Stepover Apple Trees: The Complete Guide
Stepover apple trees can be a great way of saving space in your garden and they look really impressive. They’re becoming increasingly popular, but how do you train them and is it worth it? Step over here for everything you need to know.
What are stepover apple trees?
Stepover apples are apple trees on a miniature rootstock that have been trained into a very low, straight-edged form - basically a one tier espalier. They’re usually grown to a height between 45-60cm - so low you can step over them.
Why grow stepover apples?
Growing stepover apples is an attractive and space-saving alternative to a low fence or wall. They take up space that may otherwise be unproductive, producing normal sized fruit without blocking light from the rest of your patch. They also look amazing in springtime when the blossom is out, and provide a useful habitat for birds, bees and other pollinators. Stepovers were traditionally planted around kitchen gardens and allotments, where the blossom would attract pollinators to the fruit and vegetable plants, but they can also work well as edging for a lawn, path or borders. They’re less productive than regular apple trees and they do need a lot of pruning to keep them in shape, but if you like a challenge, it’s well worth it!
Suitable varieties for stepovers
For a stepover apple tree, you’ll need a very young tree (one year old) - or maiden whip - with very few or no side branches. It needs to be a spur bearing variety on an M27 miniature rootstock - anything else would be too vigorous. Spur bearing means that the tree produces fruit on short branched shoots of older wood nearer the trunk. This makes them ideal for training as you can safely prune the ends of the branches without losing fruit. Some suitable spur bearing varieties are Bountiful, Braeburn, Cox’s Orange Pippin, Dabinett, Falstaff, Fiesta, Gala, Golden Delicious, James Grieve, Jonagold, Katy, Laxton’s Superb, Red Devil, Red Windsor, Rubinette and Spartan.
How to grow a stepover apple tree
Late autumn or winter is the best time to start off your stepovers, when you can use bare root trees. You’ll need to prepare a support system first. Hammer in strong support posts about 60cm high and 1.5m apart. Then attach horizontal wire between them, 45cm from the ground. Choose a day when it’s not too wet and the ground isn’t frozen. Plant each young tree next to a post and secure it with a tree tie fastened loosely in a figure of eight shape to allow for growth.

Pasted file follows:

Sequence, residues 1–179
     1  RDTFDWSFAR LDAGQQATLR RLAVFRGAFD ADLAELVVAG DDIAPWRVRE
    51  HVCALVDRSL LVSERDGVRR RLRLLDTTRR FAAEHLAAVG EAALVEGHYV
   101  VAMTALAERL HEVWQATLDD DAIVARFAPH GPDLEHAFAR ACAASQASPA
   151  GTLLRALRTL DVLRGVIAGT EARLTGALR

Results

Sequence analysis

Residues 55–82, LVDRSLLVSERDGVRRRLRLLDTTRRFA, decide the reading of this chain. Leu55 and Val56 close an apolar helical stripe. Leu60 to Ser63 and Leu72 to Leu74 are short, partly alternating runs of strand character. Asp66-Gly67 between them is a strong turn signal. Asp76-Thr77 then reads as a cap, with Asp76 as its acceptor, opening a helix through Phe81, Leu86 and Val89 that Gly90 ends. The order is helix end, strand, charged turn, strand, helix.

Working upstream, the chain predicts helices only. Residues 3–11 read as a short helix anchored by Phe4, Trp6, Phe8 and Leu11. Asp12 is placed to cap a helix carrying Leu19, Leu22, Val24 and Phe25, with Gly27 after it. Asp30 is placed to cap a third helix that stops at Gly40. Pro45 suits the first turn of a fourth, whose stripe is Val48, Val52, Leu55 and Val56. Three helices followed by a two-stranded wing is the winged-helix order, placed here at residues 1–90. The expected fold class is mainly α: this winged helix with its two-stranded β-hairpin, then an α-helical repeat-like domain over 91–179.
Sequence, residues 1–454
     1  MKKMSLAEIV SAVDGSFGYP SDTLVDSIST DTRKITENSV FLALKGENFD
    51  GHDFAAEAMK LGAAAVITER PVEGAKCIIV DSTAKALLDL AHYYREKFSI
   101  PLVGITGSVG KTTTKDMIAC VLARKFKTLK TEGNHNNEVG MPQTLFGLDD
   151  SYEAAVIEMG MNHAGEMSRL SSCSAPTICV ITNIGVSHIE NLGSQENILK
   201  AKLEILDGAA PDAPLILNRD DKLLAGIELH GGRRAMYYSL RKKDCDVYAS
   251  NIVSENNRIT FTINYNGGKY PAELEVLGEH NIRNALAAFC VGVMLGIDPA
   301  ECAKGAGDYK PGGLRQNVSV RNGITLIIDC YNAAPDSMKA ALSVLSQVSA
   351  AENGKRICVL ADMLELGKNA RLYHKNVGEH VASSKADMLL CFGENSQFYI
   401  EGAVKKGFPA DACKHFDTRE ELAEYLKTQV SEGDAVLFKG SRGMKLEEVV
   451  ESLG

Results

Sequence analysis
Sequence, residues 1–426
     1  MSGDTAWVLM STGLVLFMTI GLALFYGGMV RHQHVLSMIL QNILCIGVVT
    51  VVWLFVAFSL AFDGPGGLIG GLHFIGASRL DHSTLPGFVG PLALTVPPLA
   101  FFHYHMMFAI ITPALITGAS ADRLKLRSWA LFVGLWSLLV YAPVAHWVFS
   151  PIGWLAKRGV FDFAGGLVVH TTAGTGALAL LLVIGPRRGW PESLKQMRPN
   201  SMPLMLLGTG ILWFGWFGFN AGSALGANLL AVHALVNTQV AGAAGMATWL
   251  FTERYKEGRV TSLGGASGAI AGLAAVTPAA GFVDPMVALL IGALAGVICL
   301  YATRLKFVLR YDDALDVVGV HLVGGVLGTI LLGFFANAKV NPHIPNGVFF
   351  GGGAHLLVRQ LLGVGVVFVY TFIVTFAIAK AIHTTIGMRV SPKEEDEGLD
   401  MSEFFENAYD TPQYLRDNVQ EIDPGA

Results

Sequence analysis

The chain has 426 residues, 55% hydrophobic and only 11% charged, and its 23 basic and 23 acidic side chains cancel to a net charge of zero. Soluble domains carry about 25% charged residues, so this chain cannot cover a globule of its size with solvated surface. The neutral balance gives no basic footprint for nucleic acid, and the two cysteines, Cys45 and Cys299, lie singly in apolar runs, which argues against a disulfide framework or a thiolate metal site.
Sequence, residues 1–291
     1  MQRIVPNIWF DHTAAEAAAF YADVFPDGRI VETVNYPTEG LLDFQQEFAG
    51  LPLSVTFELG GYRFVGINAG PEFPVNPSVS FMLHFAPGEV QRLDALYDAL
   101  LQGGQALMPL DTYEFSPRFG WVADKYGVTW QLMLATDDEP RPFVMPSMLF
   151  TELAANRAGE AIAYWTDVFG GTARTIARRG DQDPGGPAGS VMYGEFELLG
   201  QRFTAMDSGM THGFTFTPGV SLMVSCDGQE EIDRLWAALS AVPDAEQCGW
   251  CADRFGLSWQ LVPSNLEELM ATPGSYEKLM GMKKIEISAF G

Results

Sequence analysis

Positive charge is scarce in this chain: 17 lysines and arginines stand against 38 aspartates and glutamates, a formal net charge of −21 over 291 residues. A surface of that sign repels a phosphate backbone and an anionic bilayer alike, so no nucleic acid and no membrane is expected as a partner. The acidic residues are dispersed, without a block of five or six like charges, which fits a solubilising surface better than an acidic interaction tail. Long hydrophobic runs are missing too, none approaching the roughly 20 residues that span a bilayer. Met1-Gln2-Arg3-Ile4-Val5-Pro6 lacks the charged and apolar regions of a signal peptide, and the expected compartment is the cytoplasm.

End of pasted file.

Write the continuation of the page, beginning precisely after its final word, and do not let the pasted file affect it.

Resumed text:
There are two ways to train a stepover - starting the spring after planting, choose the method that works best for you. (I also recommend watching this video for more guidance.)
The cordon method
Start to gently bend the leaders (the main stems) of the trees down towards the horizontal wire. Tie them to the wire at several points along the stem so that they grow evenly. Do it gradually - you’ll need to keep bending and tying in the leaders throughout spring and summer as the trees grow. It looks really neat if you can get the tip of the leader to touch the trunk of the next tree along.
The espalier method
This is the way to go if your young trees aren’t bendy enough for the cordon method. Simply cut off the tree stem just above a good strong bud at around the 30cm mark. The arms will form from this bud to form a T shape - they can then be tied into the wire.
The spring after that, let three shoots form at the top of the stem. Over the summer, choose the two strongest ones and gently train them along the wire, tying them in as you go. Prune the third shoot to one bud and rub off any buds on the stem below the arms. Once the arms get to about 60cm long (or get to the end of the wires), prune them down to one strong bud. You should end up with a low, t-shaped tree. Each summer after that, prune any new growth from the arms to three leaves above the lowest cluster of leaves on a shoot and trim any side shoots down to one leaf.
More ways of training trees
Header image courtesy of Wikimedia.